Figure 2. illustrates the functioning of the PBS system


Users direct task requests to the task register, then queues the tasks depending upon their size and assigns priority based. The task scheduler uses the proposed PBS mechanism to allot the available path and a select a cost-effective path for efficient processing. If a virtual machine is busy or the loading time for data access expands, the task is terminated from the processing VM and allocated to the next available VM. Similarly, if a VM is busy, the task will be alloted to multiple VMs to finish processing. The PBS system accurately calculates the required bandwidth to finish each task within the deadline.


Figure 3. Encryption and decryption architecture


Figure 3 shows how a user can register with a Cloud Service Provider (CSP) to use their services with our proposed methodology. The user can execute their operations in a cloud environment after a successful registration. The focus of our study is on the security of data storage, which involves encrypting various types of original data, including text, images, audio, and video, before placing them in the cloud. To assure data privacy, we are introducing a double signature mechanism. The user first encrypts the data by applying SHA256 with RSA(Rivest-Shamir-Adleman), a symmetric algorithm with public and private keys. The encrypted data is then forwarded to the CSP with digital signature 1, after which CSP performs the second encryption with digital signature 2 before allocating it in the cloud. To retrieve the original data, the user has to request it from the data consumer, who checks and confirms the digital signature of the request. If it's valid, the data can be accessed by providing the private key received during encryption, which is used for decryption to attain the original data.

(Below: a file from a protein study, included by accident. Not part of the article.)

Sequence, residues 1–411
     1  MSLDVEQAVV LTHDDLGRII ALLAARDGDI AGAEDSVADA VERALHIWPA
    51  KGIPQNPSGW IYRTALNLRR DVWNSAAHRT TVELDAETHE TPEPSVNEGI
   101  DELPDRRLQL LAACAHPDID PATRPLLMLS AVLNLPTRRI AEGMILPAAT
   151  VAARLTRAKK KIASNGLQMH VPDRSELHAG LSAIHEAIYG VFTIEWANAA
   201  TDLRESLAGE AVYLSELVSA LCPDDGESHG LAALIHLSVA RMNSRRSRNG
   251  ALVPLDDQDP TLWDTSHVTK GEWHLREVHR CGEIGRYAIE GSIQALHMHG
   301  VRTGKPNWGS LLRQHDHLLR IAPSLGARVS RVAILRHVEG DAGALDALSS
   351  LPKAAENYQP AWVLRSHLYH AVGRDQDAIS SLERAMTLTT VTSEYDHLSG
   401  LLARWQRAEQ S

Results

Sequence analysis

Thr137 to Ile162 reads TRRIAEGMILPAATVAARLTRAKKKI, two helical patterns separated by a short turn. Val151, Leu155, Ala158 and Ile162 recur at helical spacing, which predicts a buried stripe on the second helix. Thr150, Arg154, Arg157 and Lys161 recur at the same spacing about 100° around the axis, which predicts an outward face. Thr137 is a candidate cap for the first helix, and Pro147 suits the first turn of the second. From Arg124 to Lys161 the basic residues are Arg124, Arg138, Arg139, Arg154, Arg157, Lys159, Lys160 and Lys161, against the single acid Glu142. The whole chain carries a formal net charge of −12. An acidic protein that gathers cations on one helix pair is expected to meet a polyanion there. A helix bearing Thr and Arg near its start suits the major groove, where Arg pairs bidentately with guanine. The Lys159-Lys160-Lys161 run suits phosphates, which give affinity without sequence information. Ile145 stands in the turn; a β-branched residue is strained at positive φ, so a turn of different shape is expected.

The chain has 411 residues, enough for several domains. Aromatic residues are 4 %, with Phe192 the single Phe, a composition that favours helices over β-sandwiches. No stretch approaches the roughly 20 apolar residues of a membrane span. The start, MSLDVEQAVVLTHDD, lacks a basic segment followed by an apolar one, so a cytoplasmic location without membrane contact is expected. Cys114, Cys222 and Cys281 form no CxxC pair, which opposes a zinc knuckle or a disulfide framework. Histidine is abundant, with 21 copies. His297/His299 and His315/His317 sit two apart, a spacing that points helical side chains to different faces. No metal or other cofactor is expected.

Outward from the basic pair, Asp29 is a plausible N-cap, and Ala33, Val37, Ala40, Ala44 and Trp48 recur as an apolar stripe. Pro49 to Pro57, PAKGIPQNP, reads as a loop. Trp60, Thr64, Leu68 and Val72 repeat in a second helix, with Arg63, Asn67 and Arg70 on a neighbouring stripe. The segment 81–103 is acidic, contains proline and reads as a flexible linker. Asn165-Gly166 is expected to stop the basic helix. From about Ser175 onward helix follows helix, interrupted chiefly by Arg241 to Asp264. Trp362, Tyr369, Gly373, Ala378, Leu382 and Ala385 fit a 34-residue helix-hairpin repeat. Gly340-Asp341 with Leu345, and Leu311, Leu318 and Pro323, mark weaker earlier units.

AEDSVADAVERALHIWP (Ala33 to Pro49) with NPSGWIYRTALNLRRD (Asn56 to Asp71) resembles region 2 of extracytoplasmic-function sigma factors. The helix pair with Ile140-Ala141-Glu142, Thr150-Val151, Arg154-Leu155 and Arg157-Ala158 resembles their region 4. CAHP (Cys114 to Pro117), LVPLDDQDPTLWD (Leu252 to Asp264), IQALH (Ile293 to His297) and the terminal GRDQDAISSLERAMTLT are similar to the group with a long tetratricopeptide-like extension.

Experimental result

Figure 4. Number of tasks Vs Task Execution time(s)